Major new Liquidity Project findings Published

8 October 2014

Major new Liquidity Project findings Published

The results of a major research project "Which Properties are More Liquid?" have now been published. The report, which was funded by The Investment Property Forum (IPF), is co-authored by Dr Steven Devaney from the School of Real Estate & Planning and Dr David Scofield from the University of Aberdeen.

Which Properties are More Liquid?

While the concept of liquidity is well understood by investors in commercial property – the ability to buy, or sell, without disturbing the price – it has proved very difficult to measure.  This latest research from the IPF provides valuable new evidence on liquidity by measuring the time it takes to buy and sell commercial properties.  While some research has been carried out before, this is the first time that a comprehensive study of both purchases and sales has been undertaken in the UK.  The study was commissioned by the IPF from a joint team from Aberdeen and Reading universities and is based on a large sample of nearly 600 commercial transactions, stretching over a nine year period from 2004 to 2013.  The wealth of data has enabled the research team to look at variations in liquidity across different types of property and through different phases of the cycle, from boom to bust. 

Key findings

  • There is considerable variation around median times, but the median time recorded for purchase, from introduction through to completion, was 104 days, i.e. three to four months.
  • The median time for sale, from marketing through to completion, was longer at 135 days (four to five months), reflecting the time spent on the market before the eventual buyer was introduced.
  • Market state has an important explanatory role, with slower transaction times recorded since the UK market crash in 2007-2008.
  • Transactions involving institutional investors appear more likely to complete quickly, as do transactions involving UK buyers.
  • In all three sectors, better quality properties (defined either by price psf or by yield) took less time to buy and sell than lower quality properties.
  • Unsurprisingly, transaction times for portfolios were longer than for individual assets, particularly on sales where the median time extended to 173 days, compared with 124 days for single properties.
  • Price agreement was reached more quickly for small lot sizes (below £10m) but, overall, the study found only a weak relationship between transaction times and price – the greatest differences arising in the introductory phase of a deal. 
  • In the retail sector, large multi-let retail parks and shopping centres took longer to transact than standard shops and standalone retail warehouses.
  • Central London offices transacted more quickly than offices in the regions.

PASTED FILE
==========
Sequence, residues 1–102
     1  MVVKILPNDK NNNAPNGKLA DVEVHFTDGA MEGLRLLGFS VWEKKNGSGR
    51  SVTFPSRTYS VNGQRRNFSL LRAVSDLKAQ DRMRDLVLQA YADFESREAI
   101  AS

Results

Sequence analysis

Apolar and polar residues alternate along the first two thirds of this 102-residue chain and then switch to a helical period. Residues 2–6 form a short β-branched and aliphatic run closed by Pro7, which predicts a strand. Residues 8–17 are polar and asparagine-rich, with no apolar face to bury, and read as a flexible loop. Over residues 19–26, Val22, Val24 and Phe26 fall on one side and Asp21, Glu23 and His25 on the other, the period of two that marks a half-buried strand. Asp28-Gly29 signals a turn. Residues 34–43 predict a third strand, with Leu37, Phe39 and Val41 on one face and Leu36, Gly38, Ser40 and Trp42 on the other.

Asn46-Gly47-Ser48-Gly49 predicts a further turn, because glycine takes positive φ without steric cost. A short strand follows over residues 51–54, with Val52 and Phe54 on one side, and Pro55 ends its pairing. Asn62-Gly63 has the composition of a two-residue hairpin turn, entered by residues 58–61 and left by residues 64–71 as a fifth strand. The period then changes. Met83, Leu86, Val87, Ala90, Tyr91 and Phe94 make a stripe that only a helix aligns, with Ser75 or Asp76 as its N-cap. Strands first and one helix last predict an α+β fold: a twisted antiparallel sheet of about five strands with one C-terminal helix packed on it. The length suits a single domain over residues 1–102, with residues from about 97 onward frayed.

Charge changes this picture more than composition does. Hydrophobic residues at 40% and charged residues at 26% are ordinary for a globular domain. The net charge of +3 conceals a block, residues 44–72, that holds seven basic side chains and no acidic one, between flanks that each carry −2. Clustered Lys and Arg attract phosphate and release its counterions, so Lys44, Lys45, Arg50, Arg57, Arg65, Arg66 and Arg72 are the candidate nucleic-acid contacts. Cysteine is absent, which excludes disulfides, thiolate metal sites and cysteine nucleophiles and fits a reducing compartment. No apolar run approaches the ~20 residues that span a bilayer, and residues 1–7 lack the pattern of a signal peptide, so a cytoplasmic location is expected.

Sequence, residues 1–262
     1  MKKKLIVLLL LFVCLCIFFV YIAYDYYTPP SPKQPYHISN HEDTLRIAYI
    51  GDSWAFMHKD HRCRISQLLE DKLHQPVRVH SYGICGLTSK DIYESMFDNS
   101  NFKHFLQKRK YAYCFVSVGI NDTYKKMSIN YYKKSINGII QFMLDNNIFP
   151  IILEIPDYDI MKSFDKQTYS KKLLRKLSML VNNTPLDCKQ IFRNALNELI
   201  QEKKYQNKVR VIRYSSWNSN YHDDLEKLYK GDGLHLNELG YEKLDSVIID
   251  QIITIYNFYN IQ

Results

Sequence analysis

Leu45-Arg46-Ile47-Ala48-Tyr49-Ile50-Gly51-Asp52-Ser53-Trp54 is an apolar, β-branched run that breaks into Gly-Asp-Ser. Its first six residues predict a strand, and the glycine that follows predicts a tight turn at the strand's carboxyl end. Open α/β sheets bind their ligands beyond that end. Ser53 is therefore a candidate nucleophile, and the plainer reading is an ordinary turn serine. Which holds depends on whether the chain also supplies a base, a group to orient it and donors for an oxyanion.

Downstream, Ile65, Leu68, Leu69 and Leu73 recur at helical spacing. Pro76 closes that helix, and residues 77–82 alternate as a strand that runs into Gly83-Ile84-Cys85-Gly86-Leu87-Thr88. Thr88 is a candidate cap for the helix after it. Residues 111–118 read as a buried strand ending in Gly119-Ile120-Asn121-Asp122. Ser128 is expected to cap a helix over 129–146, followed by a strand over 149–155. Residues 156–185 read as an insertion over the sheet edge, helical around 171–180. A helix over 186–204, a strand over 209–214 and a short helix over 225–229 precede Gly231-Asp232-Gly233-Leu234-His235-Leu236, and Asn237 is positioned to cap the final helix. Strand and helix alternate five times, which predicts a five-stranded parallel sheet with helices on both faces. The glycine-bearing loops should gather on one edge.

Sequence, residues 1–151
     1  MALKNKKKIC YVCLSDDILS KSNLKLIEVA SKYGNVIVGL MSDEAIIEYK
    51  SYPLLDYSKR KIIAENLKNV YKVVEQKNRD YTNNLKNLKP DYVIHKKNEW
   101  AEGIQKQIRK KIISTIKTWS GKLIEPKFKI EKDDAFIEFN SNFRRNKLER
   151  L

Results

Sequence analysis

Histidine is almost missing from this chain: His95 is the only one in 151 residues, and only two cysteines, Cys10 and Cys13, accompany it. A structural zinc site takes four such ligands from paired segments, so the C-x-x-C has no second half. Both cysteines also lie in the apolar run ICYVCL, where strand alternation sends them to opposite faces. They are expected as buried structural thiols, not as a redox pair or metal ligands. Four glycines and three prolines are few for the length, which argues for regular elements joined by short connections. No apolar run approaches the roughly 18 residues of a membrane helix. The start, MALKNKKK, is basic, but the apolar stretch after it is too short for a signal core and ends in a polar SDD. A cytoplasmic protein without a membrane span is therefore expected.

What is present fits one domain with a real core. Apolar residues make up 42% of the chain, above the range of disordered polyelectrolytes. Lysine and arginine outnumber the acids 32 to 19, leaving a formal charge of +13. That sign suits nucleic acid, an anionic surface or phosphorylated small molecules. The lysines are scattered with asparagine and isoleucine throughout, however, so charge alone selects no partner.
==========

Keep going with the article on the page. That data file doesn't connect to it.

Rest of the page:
• Even allowing for the different phases of the cycle, transaction times seem to have shortened over the last decade, suggesting that that the main participants (i.e. agents, lawyers, investors) have collectively become more efficient.  Previous research on sales found that the average time to sell was around six months (source: IPF 2004).
  • Method of sale and use of leverage are also likely to have a bearing on transaction times, but more data on these factors is needed to explore their influence further.

 Mark Callender, Head of Property Research, Schroder Property Investment Management Ltd and chair of the IPF Project Steering Group that oversaw production of this research, commented: “This research provides a valuable new way of measuring liquidity, besides simply looking at transaction volumes.  While some of the findings won’t come as surprise – e.g. London offices are more liquid than regional offices – there are also one, or two results which may challenge conventional wisdom – e.g. UK institutions are relatively quick buyers.  The results also suggest that an unintended consequence of the general shift towards larger lot size properties may be to reduce the liquidity of funds’ portfolios.”

Philip Nell, of Aviva Investors, one of the Research Programme’s sponsors, said: “This is an excellent piece of research, and it is great to see the high level of engagement in this by the industry as a whole.  Liquidity risk is one of the key drivers for property returns, and understanding the varying levels of liquidity in certain assets and certain market cycles is a very important factor for pricing this risk.  I sincerely hope this work can be updated in the future, and that a wider pool of sources, including senior lenders, can be secured.”


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